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Ann Thorac Surg. 2017 Aug;104(2):613-620. doi: 10.1016/j.athoracsur.2016.11.036. Epub 2017 Feb 21.

Plasma Monocyte Chemotactic Protein-1 Is Associated With Acute Kidney Injury and Death After Cardiac Operations.

Author information

1
Program of Applied Translational Research, Department of Medicine, Yale School of Medicine, New Haven, Connecticut.
2
Institute for Clinical Evaluative Sciences Western, London, Ontario, Canada.
3
Division of Nephrology, Department of Medicine, and Department of Epidemiology and Biostatistics, University of Western Ontario, London, Ontario, Canada.
4
Kidney Health Research Collaborative, San Francisco Veterans Affairs Medical Center, University of California, San Francisco, San Francisco, California.
5
Division of Cardiac Surgery, Population Health Research Institute, McMaster University, Hamilton, Ontario, Canada.
6
Department of Pathology and Molecular Medicine, McMaster University, Hamilton, Ontario, Canada.
7
Department of Internal Medicine, Icahn School of Medicine at Mount Sinai, New York, NY.
8
Program of Applied Translational Research, Department of Medicine, Yale School of Medicine, New Haven, Connecticut; Department of Internal Medicine, Veterans Affairs Medical Center, West Haven, Connecticut. Electronic address: chirag.parikh@yale.edu.

Abstract

BACKGROUND:

Monocyte chemotactic protein-1 (MCP-1; chemokine C-C ligand-2 [CCL-2]) is upregulated in ischemia-reperfusion injury and is a promising biomarker of inflammation in cardiac operations.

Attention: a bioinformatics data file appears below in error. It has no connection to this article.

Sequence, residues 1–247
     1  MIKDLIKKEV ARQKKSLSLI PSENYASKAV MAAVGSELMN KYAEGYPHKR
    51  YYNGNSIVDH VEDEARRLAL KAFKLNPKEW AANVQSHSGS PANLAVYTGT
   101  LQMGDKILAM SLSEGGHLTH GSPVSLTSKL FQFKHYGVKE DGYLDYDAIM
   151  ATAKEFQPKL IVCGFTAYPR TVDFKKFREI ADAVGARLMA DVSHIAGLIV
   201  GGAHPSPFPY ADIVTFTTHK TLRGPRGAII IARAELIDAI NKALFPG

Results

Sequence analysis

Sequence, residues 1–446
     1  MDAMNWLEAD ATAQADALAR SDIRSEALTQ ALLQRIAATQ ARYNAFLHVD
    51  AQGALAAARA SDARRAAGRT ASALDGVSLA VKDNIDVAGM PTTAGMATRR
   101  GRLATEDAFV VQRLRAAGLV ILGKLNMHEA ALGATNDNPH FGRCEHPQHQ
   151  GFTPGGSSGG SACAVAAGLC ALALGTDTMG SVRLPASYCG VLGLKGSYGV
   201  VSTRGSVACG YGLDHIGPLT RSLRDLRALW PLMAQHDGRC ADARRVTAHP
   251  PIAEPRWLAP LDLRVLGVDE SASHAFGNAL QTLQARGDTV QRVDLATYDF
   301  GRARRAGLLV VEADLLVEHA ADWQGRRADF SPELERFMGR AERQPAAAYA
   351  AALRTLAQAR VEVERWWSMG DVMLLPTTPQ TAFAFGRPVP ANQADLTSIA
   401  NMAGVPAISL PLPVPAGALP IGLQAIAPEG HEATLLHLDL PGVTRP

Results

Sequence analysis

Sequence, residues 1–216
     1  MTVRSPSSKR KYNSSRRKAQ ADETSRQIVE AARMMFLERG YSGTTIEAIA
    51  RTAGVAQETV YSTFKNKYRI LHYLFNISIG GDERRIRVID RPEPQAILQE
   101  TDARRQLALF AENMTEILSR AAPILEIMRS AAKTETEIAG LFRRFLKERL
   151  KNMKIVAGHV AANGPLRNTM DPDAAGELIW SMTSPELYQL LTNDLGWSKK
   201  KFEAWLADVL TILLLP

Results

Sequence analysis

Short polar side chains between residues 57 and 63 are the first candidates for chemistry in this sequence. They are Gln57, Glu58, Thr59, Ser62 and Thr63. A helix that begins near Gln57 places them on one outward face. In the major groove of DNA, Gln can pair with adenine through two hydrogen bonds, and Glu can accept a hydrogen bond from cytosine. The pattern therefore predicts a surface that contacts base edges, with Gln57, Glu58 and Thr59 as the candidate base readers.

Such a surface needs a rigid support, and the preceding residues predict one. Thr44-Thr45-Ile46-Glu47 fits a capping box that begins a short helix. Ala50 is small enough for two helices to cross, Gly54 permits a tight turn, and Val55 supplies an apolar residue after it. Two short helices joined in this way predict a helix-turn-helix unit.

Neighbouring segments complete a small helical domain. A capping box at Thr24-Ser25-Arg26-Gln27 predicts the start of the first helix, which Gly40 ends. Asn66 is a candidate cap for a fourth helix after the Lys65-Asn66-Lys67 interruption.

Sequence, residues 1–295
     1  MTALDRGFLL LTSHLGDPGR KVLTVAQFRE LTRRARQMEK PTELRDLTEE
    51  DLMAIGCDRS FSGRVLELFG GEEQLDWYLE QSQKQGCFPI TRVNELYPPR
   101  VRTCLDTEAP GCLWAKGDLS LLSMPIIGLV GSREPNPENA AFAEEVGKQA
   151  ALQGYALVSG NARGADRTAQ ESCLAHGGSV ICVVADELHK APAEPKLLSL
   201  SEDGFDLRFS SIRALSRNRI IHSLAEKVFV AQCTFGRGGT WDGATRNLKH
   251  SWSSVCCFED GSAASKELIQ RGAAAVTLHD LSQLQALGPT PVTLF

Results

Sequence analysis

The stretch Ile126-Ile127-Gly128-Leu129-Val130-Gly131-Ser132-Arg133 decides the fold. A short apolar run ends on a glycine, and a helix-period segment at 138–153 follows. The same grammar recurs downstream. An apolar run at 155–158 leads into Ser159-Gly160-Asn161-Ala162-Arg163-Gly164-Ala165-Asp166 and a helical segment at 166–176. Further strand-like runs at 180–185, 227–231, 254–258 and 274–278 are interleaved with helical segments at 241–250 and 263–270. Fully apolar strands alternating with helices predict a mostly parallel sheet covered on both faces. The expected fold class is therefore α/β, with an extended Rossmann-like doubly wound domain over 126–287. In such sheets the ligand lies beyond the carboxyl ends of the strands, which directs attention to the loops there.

METHODS:

We measured preoperative and postoperative plasma MCP-1 levels in adults undergoing cardiac operations to evaluate the association of perioperative MCP-1 levels with acute kidney injury (AKI) and death in Translational Research Investigating Biomarker Endpoints in AKI (TRIBE-AKI), a prospective, multicenter, observational cohort.

RESULTS:

Of the 972 participants in the study, AKI developed in 329 (34%), and severe AKI developed in 45 (5%). During a median follow-up of 2.9 years (interquartile range, 2.2 to 3.5 years), 119 participants (12%) died. MCP-1 levels were significantly higher in those who developed AKI and died than in those without AKI and death. Participants with a preoperative MCP-1 level in the highest tertile (>196 pg/mL) had an increased AKI risk than those in the lowest tertile (<147 pg/mL; odds ratio [OR], 1.43l; 95% confidence interval [CI], 1.00 to 2.05). The association appeared similar but was not significant for the severe AKI outcome (OR, 1.48; 95% CI, 0.62 to 3.54). Compared with participants with preoperative MCP-1 level in the lowest tertile, those in the highest tertile had higher adjusted risk of death (hazard ratio, 1.82; 95% CI, 1.40 to 2.38). Similarly, participants in the highest tertile had a higher adjusted risk of death (hazard ratio, 1.95; 95% CI, 1.09-3.49) than those with a postoperative MCP-1 level in the lowest tertile.

CONCLUSIONS:

Higher plasma MCP-1 is associated with increased AKI and risk of death after cardiac operations. MCP-1 could be used as a biomarker to identify high-risk patients for potential AKI prevention strategies in the setting of cardiac operations.

Comment in

PMID:
28223055
PMCID:
PMC5588689
[Available on 2018-08-01]
DOI:
10.1016/j.athoracsur.2016.11.036
[Indexed for MEDLINE]
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